Is it a good time to pay off your HECS debt?
I’m 25 and make $117,000 a year. My only liability is my HECS student debt of $29,400, on which the interest rate just went up to 3.9%. I’m not looking to buy a property for a few years, and thanks to the generosity of ‘mom and dad’s bank’, I don’t have to save for an initial down payment. Would it be wise to pay off HECS debt now, as I fear it will continue to grow and affect my ability to borrow when I eventually apply for a mortgage? The other option would be to invest in the sharemarket.
You’re in a relatively good position for someone your age, and I think getting out of debt as soon as possible would take the uncertainty out of your future and put you on a solid financial footing.
The HECS interest rate is indexed to inflation and can therefore reach 5% in the short and medium term.
If you decide to invest in stocks by paying off HECS debt, you could suffer a loss if the stock market goes down further or face capital gains tax if it goes up.
Earning an effective tax-free return of 3.9% by paying off HECS debt may be your best bet.
I am 61 years old and my wife is 55 years old. We have about $700,000 superannuation between us and are looking to sell the family home and downsize it to another property on the Sunshine Coast where we will both have jobs. The move would allow us to add about $200,000 to my wife’s super, which means we would have a new house worth $1.5 million and about $80,000 in cash. If I retire at, say, 65 – and my wife continues to work – do I consider myself an individual for a pension (since she is not retired) or are we a couple ? We need about $80,000 a year to live on. Do we make up the shortfall between what we need and what my wife earns by making regular withdrawals from the super?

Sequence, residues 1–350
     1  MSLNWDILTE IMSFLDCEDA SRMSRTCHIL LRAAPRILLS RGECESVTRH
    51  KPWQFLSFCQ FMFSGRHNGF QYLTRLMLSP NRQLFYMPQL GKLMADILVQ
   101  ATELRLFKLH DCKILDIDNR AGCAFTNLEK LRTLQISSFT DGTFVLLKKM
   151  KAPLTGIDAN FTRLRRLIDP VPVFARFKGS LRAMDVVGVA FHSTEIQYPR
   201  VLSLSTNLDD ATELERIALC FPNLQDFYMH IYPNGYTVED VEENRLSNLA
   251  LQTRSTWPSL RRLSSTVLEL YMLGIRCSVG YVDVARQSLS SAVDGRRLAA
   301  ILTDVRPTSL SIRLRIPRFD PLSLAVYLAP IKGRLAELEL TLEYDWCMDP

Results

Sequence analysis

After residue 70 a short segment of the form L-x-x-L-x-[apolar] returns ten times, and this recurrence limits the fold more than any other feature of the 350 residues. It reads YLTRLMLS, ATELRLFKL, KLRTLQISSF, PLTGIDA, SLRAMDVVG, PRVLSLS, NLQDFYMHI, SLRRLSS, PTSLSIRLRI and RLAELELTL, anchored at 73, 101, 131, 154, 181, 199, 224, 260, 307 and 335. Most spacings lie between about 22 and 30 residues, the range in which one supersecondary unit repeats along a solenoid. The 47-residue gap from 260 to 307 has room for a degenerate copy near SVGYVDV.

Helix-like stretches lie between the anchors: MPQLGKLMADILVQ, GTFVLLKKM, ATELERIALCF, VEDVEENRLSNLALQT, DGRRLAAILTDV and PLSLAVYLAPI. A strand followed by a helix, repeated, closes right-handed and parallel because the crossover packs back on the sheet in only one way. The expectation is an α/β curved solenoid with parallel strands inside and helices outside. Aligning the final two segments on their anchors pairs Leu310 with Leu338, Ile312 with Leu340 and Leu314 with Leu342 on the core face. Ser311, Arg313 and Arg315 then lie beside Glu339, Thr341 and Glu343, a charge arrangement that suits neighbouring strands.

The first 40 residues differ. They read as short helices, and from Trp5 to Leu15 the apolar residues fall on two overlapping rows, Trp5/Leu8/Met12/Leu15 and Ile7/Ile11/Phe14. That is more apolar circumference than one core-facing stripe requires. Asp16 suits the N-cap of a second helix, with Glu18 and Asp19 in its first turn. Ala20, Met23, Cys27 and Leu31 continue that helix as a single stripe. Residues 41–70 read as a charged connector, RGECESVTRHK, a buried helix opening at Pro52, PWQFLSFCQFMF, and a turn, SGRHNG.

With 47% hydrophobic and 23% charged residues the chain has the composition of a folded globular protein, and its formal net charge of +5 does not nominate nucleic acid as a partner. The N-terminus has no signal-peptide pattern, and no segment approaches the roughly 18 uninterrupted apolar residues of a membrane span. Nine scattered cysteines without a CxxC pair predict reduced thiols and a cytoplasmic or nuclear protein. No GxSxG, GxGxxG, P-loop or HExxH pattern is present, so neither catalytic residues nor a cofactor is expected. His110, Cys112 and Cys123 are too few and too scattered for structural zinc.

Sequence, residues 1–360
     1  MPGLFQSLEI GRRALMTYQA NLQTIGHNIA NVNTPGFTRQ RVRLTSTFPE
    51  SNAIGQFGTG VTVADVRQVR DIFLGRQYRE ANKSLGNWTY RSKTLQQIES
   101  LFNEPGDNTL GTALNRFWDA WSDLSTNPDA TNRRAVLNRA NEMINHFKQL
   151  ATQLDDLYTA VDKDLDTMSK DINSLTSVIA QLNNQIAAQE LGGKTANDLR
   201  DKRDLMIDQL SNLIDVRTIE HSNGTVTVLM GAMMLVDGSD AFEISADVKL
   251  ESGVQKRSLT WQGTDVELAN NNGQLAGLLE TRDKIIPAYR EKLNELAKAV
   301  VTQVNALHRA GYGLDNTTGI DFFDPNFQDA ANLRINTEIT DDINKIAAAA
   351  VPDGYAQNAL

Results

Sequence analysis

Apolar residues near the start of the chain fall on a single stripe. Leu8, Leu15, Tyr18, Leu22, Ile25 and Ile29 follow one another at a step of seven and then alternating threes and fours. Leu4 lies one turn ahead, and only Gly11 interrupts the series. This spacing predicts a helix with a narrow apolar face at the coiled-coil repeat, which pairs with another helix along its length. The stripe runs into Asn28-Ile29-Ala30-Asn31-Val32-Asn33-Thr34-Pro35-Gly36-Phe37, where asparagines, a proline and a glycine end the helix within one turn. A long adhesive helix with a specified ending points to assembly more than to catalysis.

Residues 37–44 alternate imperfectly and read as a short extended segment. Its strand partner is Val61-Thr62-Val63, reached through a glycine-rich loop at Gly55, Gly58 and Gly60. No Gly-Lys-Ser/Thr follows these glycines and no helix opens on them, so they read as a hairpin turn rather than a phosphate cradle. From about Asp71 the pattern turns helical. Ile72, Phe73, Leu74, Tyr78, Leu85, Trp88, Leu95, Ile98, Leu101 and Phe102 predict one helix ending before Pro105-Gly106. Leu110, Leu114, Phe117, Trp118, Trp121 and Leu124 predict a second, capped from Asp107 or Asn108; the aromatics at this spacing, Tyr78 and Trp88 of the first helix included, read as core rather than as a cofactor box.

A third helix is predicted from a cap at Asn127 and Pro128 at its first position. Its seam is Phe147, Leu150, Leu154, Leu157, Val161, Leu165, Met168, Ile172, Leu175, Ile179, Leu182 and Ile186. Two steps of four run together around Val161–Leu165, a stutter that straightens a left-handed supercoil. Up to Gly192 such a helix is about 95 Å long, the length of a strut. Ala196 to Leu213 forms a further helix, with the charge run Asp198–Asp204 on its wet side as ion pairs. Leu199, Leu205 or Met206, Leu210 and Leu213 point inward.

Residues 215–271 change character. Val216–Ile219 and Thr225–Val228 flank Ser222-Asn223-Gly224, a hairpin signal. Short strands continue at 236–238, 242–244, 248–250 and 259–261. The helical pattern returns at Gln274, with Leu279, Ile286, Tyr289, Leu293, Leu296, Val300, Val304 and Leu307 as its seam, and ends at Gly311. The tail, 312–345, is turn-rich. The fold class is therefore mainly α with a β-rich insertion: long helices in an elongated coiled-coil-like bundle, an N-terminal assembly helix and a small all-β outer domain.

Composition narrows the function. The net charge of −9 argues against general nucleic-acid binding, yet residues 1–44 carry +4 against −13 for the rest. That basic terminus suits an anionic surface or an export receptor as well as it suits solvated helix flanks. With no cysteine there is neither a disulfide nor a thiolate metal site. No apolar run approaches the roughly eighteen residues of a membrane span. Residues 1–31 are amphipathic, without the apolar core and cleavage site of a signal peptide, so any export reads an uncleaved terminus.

For the purposes of the Centrelink old age pension, you would be considered a couple, with all your assets included, regardless of who owns them.
The exception is the retirement pension, which is not taken into account until your wife has reached retirement age. So it would be prudent to speak with a financial advisor as you approach retirement and determine how much money should be held in your wife’s super and how much in yours.
You would be subject to both an asset test and an income test, but since a large portion of your financial assets would be held in your wife’s super, you would most likely fall under the rules of the income test. revenue. Therefore, his income may be the deciding factor.